You might think that in the 21st century it should be possible to discover a shark species. Surely big fish have been examined closely enough that all the major fish species have been identified. But no. A new shark species that looks like the scalloped hammerhead has 20 fewer vertebrae (170 versus 190) and they are unfortunately both endangered due to overfishing to get their fins.
Identity confusion between a new, yet unnamed shark species, originally discovered off the eastern United States by Nova Southeastern University Oceanographic Center (NSU-OC) researchers, and its look-alike cousin—the endangered scalloped hammerhead shark—may threaten the survival of both species.
When an animal or fish has a unique feature that has appeal due to fairly irrational reasons (e.g. belief in aphrodisiac qualities by some large affluent population) I'm hard pressed to see how its extinction (at least outside of zoos and aquariums) can be prevented. We could do with less widespread irrational belief in imaginary medical benefits of rare animals and fish.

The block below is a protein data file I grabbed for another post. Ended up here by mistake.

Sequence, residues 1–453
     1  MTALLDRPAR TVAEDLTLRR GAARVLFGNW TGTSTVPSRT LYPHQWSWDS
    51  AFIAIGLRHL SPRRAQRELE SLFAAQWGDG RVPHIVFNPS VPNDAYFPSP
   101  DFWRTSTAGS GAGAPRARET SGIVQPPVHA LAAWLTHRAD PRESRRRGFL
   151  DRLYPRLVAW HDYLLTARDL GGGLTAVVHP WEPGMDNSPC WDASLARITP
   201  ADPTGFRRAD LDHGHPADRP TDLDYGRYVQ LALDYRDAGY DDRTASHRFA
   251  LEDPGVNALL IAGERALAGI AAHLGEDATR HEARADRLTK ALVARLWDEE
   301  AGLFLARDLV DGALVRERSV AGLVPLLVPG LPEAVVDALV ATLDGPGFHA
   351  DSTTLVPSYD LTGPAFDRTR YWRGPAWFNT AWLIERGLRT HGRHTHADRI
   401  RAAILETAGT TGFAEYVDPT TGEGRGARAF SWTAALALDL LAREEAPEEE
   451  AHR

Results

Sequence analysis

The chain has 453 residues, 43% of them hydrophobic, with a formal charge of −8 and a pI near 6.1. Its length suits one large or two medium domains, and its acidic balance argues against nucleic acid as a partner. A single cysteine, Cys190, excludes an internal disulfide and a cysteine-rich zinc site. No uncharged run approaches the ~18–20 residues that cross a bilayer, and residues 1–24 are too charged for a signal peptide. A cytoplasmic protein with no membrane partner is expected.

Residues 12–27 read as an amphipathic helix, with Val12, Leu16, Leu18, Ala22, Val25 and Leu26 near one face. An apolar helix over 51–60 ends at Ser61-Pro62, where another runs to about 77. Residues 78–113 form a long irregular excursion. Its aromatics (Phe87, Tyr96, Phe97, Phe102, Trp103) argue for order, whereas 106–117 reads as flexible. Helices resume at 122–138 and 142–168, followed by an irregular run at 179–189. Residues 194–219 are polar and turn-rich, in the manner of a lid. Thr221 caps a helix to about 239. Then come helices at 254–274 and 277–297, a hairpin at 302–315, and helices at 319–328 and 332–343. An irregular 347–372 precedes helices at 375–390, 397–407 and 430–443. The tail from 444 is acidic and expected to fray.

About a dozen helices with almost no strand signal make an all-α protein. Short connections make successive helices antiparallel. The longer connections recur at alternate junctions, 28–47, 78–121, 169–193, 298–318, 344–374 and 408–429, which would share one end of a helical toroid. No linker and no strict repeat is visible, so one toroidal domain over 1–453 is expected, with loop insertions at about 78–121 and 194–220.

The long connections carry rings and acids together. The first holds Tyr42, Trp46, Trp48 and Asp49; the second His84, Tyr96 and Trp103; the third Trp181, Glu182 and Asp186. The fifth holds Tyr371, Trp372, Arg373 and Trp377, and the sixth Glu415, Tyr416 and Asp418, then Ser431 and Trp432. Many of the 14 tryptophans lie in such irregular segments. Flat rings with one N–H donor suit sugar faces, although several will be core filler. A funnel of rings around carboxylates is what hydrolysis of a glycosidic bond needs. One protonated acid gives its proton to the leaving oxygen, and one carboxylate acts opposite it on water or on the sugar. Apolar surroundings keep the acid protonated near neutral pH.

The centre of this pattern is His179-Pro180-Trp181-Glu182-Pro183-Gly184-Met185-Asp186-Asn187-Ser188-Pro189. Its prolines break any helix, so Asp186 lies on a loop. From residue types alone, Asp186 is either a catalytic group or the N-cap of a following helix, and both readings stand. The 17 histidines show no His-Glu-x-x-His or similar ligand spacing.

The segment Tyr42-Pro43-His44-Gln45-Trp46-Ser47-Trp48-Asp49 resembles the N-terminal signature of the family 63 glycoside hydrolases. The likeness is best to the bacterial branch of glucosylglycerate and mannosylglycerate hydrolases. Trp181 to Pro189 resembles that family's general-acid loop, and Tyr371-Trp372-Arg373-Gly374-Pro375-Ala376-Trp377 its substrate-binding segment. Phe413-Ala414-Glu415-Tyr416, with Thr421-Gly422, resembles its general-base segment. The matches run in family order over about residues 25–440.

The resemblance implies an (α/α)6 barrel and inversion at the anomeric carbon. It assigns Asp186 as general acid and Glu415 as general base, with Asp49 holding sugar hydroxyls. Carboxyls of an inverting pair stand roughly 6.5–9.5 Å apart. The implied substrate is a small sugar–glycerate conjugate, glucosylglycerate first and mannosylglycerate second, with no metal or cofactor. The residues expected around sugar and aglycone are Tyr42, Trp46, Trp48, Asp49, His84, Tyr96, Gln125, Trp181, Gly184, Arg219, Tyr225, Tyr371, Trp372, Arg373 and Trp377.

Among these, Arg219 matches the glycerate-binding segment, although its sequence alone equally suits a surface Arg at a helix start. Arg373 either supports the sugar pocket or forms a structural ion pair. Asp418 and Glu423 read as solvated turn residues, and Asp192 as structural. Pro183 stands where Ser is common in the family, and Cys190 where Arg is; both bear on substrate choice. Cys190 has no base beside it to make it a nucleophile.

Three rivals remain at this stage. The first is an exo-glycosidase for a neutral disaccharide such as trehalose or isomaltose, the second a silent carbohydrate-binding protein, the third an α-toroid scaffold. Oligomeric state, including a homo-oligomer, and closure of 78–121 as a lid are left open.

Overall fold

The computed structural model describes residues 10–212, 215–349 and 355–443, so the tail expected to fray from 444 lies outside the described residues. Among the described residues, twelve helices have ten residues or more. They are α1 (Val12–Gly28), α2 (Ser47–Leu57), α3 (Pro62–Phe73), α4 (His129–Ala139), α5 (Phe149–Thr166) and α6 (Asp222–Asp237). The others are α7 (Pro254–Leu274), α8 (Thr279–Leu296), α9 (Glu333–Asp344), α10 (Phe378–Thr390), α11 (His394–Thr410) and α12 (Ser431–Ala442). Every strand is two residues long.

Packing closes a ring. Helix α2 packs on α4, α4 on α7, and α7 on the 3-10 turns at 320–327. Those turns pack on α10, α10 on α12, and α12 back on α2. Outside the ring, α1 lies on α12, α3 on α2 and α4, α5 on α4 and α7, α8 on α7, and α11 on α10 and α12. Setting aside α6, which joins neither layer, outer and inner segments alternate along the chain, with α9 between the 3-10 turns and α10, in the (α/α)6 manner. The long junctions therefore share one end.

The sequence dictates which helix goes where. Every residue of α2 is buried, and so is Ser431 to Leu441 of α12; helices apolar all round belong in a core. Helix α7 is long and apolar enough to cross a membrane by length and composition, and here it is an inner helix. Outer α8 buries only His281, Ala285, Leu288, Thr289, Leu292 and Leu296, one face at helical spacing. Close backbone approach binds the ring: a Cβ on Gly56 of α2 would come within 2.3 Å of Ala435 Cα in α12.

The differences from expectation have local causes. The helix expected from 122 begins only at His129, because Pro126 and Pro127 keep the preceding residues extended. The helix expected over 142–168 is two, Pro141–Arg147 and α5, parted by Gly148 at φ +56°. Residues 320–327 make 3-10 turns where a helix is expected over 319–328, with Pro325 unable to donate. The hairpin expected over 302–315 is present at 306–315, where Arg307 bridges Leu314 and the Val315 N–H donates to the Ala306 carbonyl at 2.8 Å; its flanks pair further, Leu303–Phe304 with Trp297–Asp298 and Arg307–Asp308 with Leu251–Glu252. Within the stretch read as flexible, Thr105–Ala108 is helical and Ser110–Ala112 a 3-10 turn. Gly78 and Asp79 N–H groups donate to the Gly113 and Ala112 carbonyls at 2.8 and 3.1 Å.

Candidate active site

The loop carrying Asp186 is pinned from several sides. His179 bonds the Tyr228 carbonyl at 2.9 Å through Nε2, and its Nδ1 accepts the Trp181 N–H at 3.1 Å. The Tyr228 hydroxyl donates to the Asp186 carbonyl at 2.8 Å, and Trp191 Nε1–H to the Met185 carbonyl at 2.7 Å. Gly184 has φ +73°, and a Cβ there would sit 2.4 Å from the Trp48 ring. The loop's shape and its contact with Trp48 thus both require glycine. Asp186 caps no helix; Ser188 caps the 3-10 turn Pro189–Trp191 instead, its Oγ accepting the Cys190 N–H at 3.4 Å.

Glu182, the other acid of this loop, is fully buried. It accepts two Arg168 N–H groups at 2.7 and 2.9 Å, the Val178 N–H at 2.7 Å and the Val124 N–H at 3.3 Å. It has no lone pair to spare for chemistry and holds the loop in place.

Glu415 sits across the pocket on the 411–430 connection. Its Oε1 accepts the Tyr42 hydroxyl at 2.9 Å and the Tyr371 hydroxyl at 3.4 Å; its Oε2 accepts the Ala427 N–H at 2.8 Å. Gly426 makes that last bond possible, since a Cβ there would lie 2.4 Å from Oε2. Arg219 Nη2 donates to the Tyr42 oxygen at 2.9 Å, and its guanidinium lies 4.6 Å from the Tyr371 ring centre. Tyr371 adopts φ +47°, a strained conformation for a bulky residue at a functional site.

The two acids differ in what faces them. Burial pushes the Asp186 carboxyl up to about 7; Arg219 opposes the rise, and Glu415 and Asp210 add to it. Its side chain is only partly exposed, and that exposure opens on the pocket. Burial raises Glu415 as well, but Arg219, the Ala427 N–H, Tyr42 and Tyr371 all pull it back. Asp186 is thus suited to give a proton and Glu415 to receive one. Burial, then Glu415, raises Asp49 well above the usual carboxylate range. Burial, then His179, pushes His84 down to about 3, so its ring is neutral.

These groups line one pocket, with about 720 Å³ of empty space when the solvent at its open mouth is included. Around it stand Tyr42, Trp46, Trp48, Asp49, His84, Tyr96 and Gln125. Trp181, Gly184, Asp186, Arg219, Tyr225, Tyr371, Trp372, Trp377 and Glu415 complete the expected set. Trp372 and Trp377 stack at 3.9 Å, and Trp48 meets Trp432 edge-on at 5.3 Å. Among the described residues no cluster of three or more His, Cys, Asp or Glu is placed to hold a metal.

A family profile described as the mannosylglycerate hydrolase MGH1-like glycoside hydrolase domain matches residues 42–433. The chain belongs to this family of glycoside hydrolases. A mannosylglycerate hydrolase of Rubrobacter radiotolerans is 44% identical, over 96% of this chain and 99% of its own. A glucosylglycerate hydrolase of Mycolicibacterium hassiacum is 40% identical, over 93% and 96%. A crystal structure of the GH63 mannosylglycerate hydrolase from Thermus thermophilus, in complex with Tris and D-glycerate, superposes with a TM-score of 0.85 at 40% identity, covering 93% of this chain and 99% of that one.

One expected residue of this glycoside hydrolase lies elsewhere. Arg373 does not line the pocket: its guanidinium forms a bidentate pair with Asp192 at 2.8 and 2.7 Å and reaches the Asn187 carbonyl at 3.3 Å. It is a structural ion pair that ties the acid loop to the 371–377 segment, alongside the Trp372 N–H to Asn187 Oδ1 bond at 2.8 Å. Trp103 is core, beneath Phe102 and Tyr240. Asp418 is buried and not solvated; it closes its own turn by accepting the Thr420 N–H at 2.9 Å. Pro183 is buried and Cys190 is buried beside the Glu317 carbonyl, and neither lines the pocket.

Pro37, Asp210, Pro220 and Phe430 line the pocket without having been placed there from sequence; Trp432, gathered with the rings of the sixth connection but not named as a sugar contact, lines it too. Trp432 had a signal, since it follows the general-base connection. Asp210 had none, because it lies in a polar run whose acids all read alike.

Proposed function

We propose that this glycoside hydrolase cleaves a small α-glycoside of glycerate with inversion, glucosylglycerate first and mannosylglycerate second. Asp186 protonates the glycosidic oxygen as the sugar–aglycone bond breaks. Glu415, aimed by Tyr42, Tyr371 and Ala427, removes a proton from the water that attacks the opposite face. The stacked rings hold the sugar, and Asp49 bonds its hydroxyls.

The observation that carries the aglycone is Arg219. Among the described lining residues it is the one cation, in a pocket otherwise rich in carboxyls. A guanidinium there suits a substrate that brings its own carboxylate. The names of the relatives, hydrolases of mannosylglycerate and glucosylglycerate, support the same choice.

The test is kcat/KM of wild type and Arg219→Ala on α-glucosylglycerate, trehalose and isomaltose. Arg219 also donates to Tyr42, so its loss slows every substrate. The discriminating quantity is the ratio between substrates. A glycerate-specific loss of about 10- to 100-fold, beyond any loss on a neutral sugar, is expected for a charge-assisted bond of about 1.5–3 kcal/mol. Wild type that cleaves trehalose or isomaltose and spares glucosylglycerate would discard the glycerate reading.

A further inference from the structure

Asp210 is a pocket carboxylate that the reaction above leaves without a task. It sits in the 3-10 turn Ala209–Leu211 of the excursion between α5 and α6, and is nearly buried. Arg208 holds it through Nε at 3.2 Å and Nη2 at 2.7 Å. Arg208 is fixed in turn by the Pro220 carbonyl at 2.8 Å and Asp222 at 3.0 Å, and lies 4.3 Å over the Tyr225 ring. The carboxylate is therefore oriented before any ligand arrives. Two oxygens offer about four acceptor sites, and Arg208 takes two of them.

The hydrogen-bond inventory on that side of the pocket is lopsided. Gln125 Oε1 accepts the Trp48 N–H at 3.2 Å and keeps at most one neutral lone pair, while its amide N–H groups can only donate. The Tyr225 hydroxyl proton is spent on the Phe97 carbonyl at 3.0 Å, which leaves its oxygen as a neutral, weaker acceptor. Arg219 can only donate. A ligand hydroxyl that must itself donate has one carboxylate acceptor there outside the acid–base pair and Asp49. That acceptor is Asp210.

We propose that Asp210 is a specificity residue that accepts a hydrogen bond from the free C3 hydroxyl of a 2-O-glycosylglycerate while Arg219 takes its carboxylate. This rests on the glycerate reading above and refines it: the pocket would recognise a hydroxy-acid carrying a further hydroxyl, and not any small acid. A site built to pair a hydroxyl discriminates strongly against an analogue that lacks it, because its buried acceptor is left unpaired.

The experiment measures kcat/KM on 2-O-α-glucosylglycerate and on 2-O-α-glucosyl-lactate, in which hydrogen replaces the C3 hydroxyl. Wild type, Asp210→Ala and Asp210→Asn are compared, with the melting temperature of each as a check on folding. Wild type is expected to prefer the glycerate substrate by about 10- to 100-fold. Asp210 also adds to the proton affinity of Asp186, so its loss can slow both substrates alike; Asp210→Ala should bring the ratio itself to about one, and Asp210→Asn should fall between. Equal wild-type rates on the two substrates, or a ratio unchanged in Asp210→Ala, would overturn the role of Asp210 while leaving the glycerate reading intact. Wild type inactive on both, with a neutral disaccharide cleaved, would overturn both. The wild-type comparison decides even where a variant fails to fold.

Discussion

This shark ranges over thousands of miles. So how come nobody noticed before it is unique?
According to an April 2012 article in the scientific journal Marine Biology, the new look-alike hammerhead species has now been discovered more than 4,300 miles away near the coast of southern Brazil. This confirms that the original finding was not a local oddity and the new species is much wider spread. The look-alike species may face the same fishery pressures as the real scalloped hammerhead, which is being fished unsustainably for its highly prized fins.
It slip off from the scalloped hammerhead 4.5 million years ago. Will they both go extinct at the same time?
|Share |||Randall Parker, 2012 March 28 10:17 PM Trends Extinction|